Ursula O’Farrell: Yes. I have always loved to paint expressionistically with a myriad of colors and feelings. In kindergarten, my parents were pleased when a painting of mine was hung in the principal’s office.

Robin Lindley: Were your parents artists? 

Ursula O’Farrell: My father was a U.S. naval officer. My mother painted and would copy from the masters. When I was a young teen, she wanted me to copy [Picasso’s] Guernica, and I wouldn’t do it. Why would anyone spend time copying another’s work of art? We disagreed on issues around duty and conformity versus self-expression and originality. For me, it was vital to paint from my own vantage point, from my personal life experiences, and to decidedly speak with my own voice.

Robin Lindley: Many of your paintings deal with family themes, such as mother-daughter situations. Do they often come from your relationships?

Ursula O’Farrell: Yes. Often, my source material does come from a sense of self and relationship, and there’s a catharsis while trying to resolve issues that are deeply rooted from my childhood.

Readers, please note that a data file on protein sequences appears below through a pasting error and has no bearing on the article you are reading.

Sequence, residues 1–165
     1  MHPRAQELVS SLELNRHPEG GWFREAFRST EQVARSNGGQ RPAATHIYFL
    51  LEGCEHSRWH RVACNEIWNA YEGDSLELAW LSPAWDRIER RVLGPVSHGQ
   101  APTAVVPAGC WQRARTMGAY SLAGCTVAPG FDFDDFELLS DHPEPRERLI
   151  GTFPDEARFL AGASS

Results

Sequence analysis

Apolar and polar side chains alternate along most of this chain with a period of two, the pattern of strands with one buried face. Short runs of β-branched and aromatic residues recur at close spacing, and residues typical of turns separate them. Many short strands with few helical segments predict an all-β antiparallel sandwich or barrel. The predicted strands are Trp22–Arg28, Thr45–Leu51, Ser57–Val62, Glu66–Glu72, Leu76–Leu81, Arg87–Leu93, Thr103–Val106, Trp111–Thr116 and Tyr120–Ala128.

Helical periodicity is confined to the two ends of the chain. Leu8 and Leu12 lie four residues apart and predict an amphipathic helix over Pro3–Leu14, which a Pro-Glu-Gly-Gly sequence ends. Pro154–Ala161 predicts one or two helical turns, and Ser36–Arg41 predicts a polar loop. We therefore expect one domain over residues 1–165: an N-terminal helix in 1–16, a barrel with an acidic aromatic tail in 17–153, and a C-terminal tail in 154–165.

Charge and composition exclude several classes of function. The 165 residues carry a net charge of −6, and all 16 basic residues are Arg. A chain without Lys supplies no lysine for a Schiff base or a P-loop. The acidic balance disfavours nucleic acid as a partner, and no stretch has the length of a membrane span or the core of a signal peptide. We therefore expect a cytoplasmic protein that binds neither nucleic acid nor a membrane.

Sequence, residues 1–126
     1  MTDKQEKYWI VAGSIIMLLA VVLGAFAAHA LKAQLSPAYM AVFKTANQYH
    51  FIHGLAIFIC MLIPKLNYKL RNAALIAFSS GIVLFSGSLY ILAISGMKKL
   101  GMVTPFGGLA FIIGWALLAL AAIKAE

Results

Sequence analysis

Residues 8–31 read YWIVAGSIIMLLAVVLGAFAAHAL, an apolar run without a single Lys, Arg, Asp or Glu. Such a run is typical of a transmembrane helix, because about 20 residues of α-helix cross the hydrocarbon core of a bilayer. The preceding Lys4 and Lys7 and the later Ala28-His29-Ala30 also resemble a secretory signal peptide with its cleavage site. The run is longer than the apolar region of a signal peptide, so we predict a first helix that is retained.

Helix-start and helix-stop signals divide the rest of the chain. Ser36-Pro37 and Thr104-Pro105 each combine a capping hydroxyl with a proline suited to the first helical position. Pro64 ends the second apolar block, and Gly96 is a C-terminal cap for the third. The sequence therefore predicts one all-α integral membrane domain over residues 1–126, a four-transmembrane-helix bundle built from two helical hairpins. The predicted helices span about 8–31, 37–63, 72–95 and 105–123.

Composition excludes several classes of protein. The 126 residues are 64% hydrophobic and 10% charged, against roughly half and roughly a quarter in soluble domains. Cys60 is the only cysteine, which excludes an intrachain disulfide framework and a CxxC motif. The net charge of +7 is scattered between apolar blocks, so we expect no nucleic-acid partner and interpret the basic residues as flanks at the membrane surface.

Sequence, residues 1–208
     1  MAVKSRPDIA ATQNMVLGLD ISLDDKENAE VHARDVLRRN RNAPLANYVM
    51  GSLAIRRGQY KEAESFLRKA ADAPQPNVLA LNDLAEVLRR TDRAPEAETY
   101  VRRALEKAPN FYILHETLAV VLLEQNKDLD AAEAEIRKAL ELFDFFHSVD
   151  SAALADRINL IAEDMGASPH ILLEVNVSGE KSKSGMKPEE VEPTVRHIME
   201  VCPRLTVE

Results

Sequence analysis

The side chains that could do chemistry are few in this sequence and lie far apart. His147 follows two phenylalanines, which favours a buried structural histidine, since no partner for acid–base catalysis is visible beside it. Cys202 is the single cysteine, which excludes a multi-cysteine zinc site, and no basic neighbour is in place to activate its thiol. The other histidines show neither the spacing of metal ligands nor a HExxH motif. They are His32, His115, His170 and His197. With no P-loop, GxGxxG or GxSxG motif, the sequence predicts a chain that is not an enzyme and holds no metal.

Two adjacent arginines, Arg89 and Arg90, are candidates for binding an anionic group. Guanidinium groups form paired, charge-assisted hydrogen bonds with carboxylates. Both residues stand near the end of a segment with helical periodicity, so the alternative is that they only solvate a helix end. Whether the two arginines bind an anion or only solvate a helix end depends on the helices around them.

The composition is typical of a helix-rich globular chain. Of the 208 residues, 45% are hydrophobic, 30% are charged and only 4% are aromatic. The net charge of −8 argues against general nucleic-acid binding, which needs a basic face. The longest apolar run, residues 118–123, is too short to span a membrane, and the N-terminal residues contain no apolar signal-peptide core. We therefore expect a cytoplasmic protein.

Robin Lindley: Is there an overarching theme to the paintings in your new Seattle show?

Ursula O’Farrell: The theme is emotions and relationships, especially for women. Emotion in Motion prompts going into the deeper waters of our consciousness and exploring what we feel and hold true as a human family.

Robin Lindley: How has your work evolved in recent years? Are the new works in Seattle a departure?

Ursula O’Farrell: I feel like I am laughing more often, and this laughter is finding its way into the work. Perhaps I’m not as serious or brooding as in the past. And I can feel greater congruence with self and paint. My darker elements seem to be giving way to more light and movement. I also think I am getting more "sculptural" with thicker paint and expressive gestures, almost bas-relief.

It’s fun to play and dance with color. I am excited about what may come next.